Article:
Level 1: It is impossible to obtain the basic fundamental human needs.
Level 2: It is extremely difficult to obtain the basic fundamental human needs.
NOTE: For perspective, according to the World Bank, almost half the global population -— over three billion people -— live on less than $2.50 a day. At least 80% of humanity lives on less than $10 a day.
Level 3: Obtaining the basic fundamental human needs requires all available resources.
Level 4: Obtaining the basic fundamental human needs requires most available resources, with little left over.
Level 5: Some disposable income is available for discretionary purchases.
Level 6: A significant amount of disposable income is available for discretionary purchases -- spending on entertainment and consumer goods becomes a substantial part of the budget.
Level 7: Enough money is available to cover all expenses and still put aside for savings or major purchases (such as a house).
Level 8: It is possible to live comfortably while simultaneously amassing increasing savings.
Level 9: It is no longer necessary to choose between saving and spending; there is enough money to live very well with no great danger of running out.
Level 10: Unlimited extravagance.
As a practical matter, once a household hits Level 10, additional wealth is just a figure on a ledger with no impact on your lifestyle. Let's face it, the difference between having $5 million and $50 million in your personal checking account is effectively nil. (Although I'm sure many millionaires would emphatically dispute that assertion.)
Since there are so many multi-billionaires out there these days, it might make sense to add a ridiculous Level 11 to this list -- more money than you and all your staff, entourage, ex-wives, mistresses and illegitimate children could ever possibly spend.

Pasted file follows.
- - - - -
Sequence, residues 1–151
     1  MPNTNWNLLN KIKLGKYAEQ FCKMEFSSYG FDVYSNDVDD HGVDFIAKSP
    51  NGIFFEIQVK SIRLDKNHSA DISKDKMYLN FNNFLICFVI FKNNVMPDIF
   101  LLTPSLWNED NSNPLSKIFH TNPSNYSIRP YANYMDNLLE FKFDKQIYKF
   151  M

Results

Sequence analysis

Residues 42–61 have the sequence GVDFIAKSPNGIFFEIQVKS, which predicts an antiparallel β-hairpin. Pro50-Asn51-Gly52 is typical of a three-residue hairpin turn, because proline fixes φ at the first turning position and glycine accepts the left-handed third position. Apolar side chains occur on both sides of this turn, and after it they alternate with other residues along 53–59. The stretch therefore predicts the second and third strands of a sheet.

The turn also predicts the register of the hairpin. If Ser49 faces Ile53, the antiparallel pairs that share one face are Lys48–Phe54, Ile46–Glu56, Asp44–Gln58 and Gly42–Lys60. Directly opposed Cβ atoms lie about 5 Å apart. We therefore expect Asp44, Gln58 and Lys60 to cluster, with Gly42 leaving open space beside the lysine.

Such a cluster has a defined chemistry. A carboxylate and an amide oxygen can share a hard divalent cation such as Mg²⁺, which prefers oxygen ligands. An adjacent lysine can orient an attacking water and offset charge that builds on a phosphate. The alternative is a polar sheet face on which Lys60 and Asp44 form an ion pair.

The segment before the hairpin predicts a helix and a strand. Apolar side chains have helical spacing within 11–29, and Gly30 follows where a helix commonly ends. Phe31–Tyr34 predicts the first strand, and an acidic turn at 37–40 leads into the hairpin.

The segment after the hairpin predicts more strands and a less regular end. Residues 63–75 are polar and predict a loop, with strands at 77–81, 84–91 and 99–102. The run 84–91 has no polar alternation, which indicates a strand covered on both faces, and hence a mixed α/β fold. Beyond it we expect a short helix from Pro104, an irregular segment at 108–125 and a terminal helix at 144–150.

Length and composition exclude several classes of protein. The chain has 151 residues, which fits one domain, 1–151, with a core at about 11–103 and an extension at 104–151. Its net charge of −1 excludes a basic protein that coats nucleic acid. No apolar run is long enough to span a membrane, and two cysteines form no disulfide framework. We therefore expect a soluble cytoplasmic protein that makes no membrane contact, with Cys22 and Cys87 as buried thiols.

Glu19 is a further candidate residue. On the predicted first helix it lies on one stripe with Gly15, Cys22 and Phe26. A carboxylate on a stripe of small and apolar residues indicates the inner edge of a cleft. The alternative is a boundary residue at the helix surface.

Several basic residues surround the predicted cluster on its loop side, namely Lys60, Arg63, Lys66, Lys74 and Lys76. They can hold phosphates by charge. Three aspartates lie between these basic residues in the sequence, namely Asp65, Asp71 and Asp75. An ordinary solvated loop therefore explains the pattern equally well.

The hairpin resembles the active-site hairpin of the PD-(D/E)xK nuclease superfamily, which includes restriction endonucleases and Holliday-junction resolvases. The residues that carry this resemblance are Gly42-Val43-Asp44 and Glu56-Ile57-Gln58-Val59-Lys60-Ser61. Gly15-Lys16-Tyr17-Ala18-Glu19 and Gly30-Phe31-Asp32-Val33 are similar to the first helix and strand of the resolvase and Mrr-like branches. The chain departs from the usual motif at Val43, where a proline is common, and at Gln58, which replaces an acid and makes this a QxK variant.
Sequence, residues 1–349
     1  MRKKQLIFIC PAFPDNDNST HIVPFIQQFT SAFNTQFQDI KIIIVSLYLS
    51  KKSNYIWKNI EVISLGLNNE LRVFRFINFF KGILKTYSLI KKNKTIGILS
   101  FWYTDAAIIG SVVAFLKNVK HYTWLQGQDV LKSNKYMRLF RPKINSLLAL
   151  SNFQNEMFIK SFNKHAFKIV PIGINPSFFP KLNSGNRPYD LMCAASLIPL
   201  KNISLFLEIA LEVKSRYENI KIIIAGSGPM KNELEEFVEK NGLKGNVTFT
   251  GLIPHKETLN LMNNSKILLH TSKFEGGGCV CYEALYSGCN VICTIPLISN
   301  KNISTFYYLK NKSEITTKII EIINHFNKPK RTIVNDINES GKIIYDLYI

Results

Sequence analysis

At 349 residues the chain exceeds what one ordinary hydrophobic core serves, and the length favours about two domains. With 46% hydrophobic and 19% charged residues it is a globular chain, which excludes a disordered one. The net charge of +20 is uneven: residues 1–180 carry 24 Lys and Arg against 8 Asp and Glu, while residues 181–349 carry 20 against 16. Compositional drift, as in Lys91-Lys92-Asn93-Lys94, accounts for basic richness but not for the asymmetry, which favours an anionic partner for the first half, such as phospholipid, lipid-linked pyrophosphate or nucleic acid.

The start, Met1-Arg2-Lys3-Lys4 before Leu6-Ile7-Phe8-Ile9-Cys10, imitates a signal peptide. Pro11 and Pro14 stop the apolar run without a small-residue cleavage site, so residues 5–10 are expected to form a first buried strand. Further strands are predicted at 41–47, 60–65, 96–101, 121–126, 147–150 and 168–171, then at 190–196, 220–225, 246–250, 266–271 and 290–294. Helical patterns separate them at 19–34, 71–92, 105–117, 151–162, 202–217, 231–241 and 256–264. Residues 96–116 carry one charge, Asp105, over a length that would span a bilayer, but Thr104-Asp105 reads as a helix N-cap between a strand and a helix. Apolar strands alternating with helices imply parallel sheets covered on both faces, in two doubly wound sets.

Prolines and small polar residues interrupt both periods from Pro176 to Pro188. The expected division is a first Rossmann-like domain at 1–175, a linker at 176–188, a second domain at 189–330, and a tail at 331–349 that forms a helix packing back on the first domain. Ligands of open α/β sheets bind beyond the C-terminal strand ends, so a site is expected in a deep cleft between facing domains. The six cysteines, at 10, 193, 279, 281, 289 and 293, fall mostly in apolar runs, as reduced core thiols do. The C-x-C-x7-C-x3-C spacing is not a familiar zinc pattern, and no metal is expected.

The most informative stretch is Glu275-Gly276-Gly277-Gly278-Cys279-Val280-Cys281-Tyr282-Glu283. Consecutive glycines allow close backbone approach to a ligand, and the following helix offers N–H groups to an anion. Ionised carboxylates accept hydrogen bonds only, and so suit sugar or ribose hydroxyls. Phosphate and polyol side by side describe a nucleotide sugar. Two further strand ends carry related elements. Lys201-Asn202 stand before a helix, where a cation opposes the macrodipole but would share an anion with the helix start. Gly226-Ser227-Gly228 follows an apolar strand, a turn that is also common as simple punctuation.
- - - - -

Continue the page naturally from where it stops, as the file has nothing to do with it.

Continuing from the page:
The disparity is staggering. Roughly 42% of all the wealth in America is held by just 1% of the U.S. population. Most people (the bottom 80%) hold just 7%.
With all this in mind, people who are at the mall buying clothes and music CDs, DVD players and iPods, new cars and new furniture can't logically or accurately use the "I can't afford it" excuse. "I choose to spend my money on other things" would be more correct.
So why do so many people make excuses? And why do others choose to get out there and do things? What makes the difference?
I think it essentially all comes down this: many people prefer to cling to a comforting, idealized, glamorized fantasy rather than embrace an imperfect (and perhaps sometimes disappointing) reality. The truth is usually messy, complicated and difficult. A dream can remain abstract and therefore flawless.
Some people apparently want things to be simple and beautiful. Reality is rarely simple and often ugly. Reality can be dirty, annoying, uncomfortable, boring and challenging -- complex and riddled with paradox, ambiguity and contradiction. Navigating reality requires sacrifice and compromise. Trying to bypass, sidestep or circumvent these aspects of human existence on Earth entails hiding, withdrawing, cocooning, protecting oneself from authentic experiences rather than accepting them or seeking them out.
Take climbing Mount Everest, for example. The statement "I climbed Mount Everest" sounds exciting. The reality, however, involves spending days in a tent at base camp playing poker to pass the time while waiting for the weather to break. It involves altitude sickness and hypothermia. It involves physical exhaustion. It involves great expense. Adventure equals excitement but it also equals adversity, uncertainty, danger and discomfort. But that's not a reason not to go if climbing Mount Everest is your dream.